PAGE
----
The natural glass fibers also are much more flexible than manufactured fiber optic cable that can crack if bent too far.
"You can actually tie a knot in these natural biological fibers and they will not break - it's really quite amazing," said Joanna Aizenberg, who led the research at Bell Laboratories.
The glassy sponge, nicknamed the "Venus flower basket," grows the flexible fibers at cold temperatures using natural materials, a process materials scientists hope to duplicate in order to avoid the problems created by current fiber optic manufacturing methods that require high temperatures and produce relatively brittle cable.
The sponge also is able to add traces of sodium to the fibers which increase their ability to conduct light, something that cannot be done to glass fibers at the high temperatures needed for commercial manufacturing, Aizenberg said.
"One of the challenges of technology is doping the glass structure with additives that improve optical properties," she said. "If we understand exactly how we can deposit sodium in glass fibers at low temperatures as nature does, we can control all the properties."
The sponge grows in deep water in the tropics. It is about a foot and a half tall with an intricate silica mesh skeleton that also serves as a home for shrimp. The glass fibers form a crown at its base that appear to help anchor the sponge to the ocean floor. The fibers are about 2 to 7 inches long and each is about the thickness of a human hair.
The study, which appears Thursday in the journal Nature, details one of the latest discoveries in the emerging field of biomimetics - the effort to understand how biological systems are engineered and apply the principles to technology.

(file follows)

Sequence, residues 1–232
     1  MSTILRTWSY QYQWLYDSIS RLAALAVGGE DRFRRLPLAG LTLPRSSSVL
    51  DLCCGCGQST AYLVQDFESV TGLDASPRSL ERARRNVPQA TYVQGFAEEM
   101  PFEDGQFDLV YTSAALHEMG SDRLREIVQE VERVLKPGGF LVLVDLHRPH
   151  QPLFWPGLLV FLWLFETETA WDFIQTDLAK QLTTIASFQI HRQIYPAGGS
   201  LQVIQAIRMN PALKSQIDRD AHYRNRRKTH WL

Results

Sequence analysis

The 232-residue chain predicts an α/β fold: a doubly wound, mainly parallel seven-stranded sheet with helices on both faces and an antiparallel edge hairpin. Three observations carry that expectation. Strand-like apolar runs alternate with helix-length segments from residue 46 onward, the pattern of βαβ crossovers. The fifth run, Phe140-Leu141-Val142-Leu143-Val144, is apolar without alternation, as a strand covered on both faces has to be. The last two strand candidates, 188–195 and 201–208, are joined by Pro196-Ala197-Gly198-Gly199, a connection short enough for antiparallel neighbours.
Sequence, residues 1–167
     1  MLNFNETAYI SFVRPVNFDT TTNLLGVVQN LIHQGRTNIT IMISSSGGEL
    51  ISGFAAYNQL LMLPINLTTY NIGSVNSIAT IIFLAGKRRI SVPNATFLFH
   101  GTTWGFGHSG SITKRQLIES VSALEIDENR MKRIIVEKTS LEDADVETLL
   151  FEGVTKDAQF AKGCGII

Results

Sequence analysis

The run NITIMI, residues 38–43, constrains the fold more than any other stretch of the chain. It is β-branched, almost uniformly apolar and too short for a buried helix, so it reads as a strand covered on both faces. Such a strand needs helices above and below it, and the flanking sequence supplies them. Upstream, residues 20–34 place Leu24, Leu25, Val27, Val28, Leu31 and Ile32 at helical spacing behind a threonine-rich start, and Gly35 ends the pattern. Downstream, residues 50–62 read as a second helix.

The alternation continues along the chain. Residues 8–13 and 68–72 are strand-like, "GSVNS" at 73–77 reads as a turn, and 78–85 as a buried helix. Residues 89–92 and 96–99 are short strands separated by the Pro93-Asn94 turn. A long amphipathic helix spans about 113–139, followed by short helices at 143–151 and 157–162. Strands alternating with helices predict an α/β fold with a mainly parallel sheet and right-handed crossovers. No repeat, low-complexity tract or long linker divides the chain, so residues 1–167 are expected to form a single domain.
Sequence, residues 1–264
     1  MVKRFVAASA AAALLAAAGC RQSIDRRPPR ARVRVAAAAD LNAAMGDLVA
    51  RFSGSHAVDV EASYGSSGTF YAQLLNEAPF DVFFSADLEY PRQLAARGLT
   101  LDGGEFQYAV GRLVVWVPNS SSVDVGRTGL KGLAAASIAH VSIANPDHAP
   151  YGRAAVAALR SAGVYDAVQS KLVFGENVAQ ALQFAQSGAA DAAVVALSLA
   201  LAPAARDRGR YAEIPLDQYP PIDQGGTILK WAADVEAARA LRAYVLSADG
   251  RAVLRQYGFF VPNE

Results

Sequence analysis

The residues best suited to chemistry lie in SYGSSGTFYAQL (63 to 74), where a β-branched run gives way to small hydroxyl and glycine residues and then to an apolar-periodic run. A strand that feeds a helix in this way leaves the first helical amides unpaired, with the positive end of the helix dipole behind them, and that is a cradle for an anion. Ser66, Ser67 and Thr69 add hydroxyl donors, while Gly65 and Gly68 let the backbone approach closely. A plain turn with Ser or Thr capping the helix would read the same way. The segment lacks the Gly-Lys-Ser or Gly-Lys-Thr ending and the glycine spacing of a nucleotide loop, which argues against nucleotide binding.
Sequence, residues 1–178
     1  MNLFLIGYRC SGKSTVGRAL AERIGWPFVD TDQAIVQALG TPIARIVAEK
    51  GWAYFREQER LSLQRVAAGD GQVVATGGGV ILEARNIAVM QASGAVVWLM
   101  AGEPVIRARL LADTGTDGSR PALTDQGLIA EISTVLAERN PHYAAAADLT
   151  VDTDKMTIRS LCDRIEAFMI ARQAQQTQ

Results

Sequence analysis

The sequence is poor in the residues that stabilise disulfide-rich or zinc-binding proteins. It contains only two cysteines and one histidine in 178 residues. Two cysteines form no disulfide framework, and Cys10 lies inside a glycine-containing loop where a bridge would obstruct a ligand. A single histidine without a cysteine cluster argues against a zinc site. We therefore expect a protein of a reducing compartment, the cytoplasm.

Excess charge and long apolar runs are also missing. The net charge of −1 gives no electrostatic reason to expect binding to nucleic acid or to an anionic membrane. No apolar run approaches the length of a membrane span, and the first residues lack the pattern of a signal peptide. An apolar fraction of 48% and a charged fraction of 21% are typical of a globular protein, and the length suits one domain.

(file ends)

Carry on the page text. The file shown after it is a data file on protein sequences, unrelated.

"It's such a wonderful example of how exquisite nature is as a designer and builder of complex systems," said Geri Richmond, a chemist and materials scientist at the University of Oregon who was not involved in the study.
"We can draw it on paper and think about engineering it but we're in the stone age compared to nature," she said.
Biomimetics has driven a form of "bioprospecting" in the ocean, said Randy Kochevar, a marine biologist at the Monterey Aquarium in California.
"Folks involved in industry or medicine or biotechnology go out and look for compounds of interest in the deep sea, and it's so novel and so untapped there is a great deal of interest," Kochevar said.
Discoveries in recent years include an enzyme that improves laundry detergent, taken from bacteria that breaks down fats in cold water; a glowing protein from jellyfish that allows surgeons to illuminate cancerous tissue while they operate to remove it; and another enzyme that improves DNA testing, drawn from bacteria that live near hydrothermal vents at the ocean bottom.
Kochevar said the sponge study follows an earlier discovery by Aizenberg that a starfish called the brittlestar is coated with tiny lenses that act as a collective "eye," offering engineers a model for creating sensors and guidance systems. Both discoveries show how valuable life in the ocean can be to society and how much of the ocean remains to be explored, he said.
"It's incredible, really. We're looking at these things that are not known to be visual animals yet we're finding these fascinating optical properties that are built into their bodies," Kochevar said.
By William McCall